But now a smile graces her face, one he almost never sees: Temperance Brennan, calm and content. She nods. “Let me ask you a question, Booth,” she says. Before he can even nod, she continues. “Do you still love me?”
“What?” he asks. “I mean—I—you—.”
“Booth,” she says, quieting him through the shock.
He respects her enough to be honest with her, too. “Of course.”
She continues as if she hasn’t stunned him into single syllables. “Do you want me to give you thirty or forty years?”
He’s committed now. “Yes,” he whispers.
Bones nods again. “And you believe you will love me in thirty or forty years?”
This time, he can only nod. For as long as he’s known her—and it will be ten years soon enough—he’s loved her.
She reaches out, holding his hand. “And if I told you I love you?”
This time, he can’t even nod. Something about happy and miracle and Oh my God and Bones flits through his head, but he’s not sure a sound comes out. Something about I hadn’t dared to imagine it.
Bones squeezes his hand, looking away. “But what if the way I love isn’t the way you want me to love?” she asks. “What if I know that I loved you yesterday and that I love you right now, but that I don’t know if I will love you tomorrow?” He can see her eyes fill with tears, because she’s trying to make a point but she’s going to break his heart by doing it. “Would that be enough for you?”
He has always hoped that she would figure out that normal people can take almost ten years of history and translate it into possibility for the future. He has. Angela and Hodgins have. But Bones can’t, and he’s not sure he wants to be party to a daily evaluation of the evidence. He wants her to do the math between yesterday and the day before that and come to next year and the year after. Like everyone else does.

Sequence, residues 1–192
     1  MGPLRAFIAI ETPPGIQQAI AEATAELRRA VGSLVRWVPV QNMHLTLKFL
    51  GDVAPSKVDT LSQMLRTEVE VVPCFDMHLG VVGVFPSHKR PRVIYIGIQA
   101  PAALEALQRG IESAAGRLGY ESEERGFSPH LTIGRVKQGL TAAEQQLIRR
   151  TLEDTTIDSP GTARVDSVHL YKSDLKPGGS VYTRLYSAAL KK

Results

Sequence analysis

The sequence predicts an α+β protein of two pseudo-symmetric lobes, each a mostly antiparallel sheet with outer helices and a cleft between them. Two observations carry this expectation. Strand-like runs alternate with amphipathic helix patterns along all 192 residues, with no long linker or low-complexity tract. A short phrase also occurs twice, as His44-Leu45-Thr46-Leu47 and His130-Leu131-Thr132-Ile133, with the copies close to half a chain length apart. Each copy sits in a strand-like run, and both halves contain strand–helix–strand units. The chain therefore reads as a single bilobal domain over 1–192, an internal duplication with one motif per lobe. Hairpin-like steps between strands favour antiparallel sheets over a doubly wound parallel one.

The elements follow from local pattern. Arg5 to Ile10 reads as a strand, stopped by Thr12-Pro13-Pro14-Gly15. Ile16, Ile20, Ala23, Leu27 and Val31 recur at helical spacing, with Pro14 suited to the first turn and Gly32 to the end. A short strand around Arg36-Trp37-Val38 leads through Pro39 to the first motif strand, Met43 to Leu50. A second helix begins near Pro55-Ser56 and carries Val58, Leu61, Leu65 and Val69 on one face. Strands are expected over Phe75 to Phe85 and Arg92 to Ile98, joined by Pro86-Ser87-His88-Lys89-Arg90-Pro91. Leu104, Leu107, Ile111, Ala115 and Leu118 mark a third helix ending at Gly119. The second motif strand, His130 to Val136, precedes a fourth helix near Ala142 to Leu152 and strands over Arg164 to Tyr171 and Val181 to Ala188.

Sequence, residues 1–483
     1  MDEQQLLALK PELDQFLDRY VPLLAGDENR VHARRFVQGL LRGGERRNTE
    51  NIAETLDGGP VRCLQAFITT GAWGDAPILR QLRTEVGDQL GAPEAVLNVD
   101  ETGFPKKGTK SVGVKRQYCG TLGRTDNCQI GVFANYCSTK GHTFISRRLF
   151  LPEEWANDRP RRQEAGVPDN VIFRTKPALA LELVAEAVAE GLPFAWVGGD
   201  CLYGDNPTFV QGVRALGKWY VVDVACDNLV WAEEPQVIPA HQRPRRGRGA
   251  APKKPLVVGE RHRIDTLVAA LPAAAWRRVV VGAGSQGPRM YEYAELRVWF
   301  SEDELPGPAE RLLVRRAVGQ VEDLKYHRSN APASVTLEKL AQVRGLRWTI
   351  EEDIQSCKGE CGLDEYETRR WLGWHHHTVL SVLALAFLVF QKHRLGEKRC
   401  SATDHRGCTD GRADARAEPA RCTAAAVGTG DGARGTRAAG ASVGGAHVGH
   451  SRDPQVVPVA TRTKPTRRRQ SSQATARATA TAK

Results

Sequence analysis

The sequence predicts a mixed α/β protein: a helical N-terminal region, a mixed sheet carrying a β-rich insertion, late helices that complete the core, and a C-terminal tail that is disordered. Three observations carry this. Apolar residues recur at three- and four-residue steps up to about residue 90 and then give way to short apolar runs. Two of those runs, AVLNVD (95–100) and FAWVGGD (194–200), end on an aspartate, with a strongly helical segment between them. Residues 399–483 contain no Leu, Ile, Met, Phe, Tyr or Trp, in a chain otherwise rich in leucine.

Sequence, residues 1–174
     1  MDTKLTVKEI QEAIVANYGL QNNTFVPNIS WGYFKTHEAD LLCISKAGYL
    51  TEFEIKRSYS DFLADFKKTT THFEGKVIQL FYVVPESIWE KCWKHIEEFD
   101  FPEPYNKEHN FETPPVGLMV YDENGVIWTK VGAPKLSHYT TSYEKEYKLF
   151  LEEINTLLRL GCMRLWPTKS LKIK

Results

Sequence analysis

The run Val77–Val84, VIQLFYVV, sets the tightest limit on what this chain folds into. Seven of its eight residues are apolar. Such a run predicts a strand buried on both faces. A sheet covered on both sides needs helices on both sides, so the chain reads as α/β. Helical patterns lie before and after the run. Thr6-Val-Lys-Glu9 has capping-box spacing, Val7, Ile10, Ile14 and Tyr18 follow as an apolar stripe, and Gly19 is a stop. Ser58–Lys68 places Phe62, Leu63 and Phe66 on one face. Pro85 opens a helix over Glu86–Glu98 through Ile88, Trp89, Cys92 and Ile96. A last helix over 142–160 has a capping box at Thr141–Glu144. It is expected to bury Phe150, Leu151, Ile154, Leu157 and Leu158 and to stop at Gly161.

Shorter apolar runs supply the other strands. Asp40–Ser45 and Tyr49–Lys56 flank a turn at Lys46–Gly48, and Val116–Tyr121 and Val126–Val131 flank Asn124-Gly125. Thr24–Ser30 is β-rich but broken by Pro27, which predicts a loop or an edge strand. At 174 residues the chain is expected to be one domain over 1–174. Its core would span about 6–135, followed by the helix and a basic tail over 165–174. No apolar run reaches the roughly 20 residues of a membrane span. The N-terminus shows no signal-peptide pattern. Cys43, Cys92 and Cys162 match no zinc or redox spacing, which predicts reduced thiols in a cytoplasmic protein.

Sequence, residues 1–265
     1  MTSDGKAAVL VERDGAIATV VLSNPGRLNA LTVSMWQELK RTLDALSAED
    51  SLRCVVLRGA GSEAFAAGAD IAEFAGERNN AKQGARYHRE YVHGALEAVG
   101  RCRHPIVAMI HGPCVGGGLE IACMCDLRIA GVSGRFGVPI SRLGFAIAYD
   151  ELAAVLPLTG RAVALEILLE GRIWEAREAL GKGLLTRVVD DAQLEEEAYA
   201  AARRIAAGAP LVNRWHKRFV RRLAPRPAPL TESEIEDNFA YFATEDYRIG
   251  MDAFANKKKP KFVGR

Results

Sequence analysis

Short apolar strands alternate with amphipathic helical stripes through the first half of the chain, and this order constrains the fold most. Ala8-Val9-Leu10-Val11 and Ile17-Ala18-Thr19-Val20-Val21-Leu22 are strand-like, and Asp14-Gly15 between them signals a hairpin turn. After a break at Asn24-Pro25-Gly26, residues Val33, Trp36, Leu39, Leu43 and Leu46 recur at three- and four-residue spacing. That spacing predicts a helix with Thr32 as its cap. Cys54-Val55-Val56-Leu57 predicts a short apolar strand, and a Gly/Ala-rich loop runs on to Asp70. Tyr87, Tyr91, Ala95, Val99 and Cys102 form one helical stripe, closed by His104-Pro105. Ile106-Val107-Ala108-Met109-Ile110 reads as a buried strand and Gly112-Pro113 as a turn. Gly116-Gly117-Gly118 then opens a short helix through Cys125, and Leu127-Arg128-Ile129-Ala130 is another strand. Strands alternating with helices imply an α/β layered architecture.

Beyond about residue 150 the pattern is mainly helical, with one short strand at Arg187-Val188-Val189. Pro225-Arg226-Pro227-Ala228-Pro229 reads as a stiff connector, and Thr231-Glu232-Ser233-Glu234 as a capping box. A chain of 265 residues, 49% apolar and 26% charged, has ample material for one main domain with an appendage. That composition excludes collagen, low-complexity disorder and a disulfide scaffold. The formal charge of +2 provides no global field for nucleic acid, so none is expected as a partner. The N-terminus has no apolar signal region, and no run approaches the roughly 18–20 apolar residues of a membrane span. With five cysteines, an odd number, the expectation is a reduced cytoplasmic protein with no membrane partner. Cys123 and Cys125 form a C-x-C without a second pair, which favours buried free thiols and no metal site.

And so he says, “No,” and his voice comes out choked, because dammit, she was supposed to get this one thing straight.
She moves her free hand to his face. “I want for Wendell what he wants for himself. You want for Wendell to stay for your sake, not his. And that isn’t fair to him.”
Of course, she’s not talking about Wendell.
“I would never ask you to be someone you couldn’t, Booth,” Bones says, brushing at his tears with her fingers. “Please don’t ask it of either of us.”
“Bones,” he says.
“I love you, Seeley Booth,” she says. “Right now, at this moment, I love you.” She leans in and kisses him softly before squeezing his hand. She stands up from the bench and looks down at him.
She doesn’t offer him a choice or an ultimatum, just turns and walks back into the bar.
Bones consults in Montreal, China, Rwanda, Peru, Ireland, telling and retelling the human history of violent conflict.
When she takes the first job, he says nothing. After the third in four months he asks quietly, “Is this what you want?”
She doesn’t answer him, just smiles that quiet, enigmatic Bones smile that means the thought she has is too complex for mere mortals. He thinks it means that she’s chasing what she can have instead of what she can’t, and he wonders if he’ll ever learn from her example.
She signs all her cards to him “Love, Bones” and makes sure she’s home to dance at his wedding.